Read and write operations might have different protection needs. Few user roles, for instance, are usually authorized to update master data; many or all user roles may read it. If there are two separate endpoints for read and write access, it might be easier to fine tune the Confidentiality, Integrity and Availability (CIA) rules and related compliance controls. See the OWASP API Security Top 10 for risks and related advice.

Initial Position Sketch

The operations offered by an API endpoint fall into four categories, depending on whether they read/write state. Each target quadrant is represented by a Microservice API Pattern (MAP) [Zimmermann et al. 2020]:

Operation Responsibilities

  • Computation Functions derive a result solely from the client input, neither reading nor writing server-side state.
  • State Creation Operations initialize some new state at the API endpoint (for instance, by creating an implementation resource such as a customer record). If required, a minimal amount of state can be read, for example to ensure the uniqueness of identifiers.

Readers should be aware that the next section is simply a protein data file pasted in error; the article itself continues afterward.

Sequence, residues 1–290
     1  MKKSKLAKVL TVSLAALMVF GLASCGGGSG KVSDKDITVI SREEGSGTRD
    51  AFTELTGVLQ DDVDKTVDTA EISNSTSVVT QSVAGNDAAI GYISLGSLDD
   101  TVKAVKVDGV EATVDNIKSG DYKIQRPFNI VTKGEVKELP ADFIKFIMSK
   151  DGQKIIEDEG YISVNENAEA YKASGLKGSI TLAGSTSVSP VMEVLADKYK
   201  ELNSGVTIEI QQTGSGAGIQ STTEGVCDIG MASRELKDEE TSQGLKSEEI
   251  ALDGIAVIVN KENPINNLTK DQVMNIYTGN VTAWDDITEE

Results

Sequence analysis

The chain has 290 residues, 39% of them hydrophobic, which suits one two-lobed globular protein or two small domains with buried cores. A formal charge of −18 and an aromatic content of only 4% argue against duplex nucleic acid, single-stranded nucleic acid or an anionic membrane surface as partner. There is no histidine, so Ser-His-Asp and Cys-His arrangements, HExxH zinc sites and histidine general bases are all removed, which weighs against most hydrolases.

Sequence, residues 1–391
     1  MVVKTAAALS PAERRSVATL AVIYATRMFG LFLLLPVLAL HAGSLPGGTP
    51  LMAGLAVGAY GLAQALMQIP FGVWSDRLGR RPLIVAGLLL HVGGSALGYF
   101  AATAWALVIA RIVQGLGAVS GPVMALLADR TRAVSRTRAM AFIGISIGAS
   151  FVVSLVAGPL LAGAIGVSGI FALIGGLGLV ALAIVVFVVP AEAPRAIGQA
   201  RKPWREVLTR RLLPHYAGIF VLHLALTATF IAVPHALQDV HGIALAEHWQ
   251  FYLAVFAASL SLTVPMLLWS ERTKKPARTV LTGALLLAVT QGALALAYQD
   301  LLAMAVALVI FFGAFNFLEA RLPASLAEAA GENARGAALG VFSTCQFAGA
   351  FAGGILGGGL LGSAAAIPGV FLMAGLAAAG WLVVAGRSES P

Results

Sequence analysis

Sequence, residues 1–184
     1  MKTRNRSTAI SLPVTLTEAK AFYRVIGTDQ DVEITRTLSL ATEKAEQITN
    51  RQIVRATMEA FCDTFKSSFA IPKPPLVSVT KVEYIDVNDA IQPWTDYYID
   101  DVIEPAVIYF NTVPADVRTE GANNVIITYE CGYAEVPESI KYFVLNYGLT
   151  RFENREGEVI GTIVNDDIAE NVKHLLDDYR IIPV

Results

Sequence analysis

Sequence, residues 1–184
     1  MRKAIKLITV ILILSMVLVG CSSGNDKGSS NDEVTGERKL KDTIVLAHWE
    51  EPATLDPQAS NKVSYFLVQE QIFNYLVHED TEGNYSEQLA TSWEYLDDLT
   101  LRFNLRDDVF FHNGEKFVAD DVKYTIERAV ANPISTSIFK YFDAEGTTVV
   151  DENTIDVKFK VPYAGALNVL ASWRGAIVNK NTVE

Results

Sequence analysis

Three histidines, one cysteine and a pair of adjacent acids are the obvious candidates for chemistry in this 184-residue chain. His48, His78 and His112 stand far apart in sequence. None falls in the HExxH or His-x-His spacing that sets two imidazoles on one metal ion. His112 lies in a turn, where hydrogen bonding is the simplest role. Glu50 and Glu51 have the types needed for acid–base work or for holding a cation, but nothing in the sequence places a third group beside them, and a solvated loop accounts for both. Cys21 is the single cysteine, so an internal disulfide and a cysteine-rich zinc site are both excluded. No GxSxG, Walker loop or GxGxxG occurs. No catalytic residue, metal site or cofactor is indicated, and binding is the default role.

• Retrieval Operations are read-only queries that clients use to fetch data.
  • State Transition Operations update server-side state. This includes full or partial replacement and also deletion of the state.

These operations are often implemented as CRUD (create, read, update, delete) resources:

Commands and Queries in Same Endpoint

The refactoring targets are:

  • An endpoint such as an Information Holder Resource (for instance, realized as an HTTP resource identified by a URI).
  • Two or more create, read, update, delete operations of this endpoint that have read and write semantics, respectively. These operations can be realized by HTTP verbs/methods such as POST, GET, PUT/PATCH, DELETE supported by a resource that is identified by a URI.

Smells / Drivers

High latency/poor response time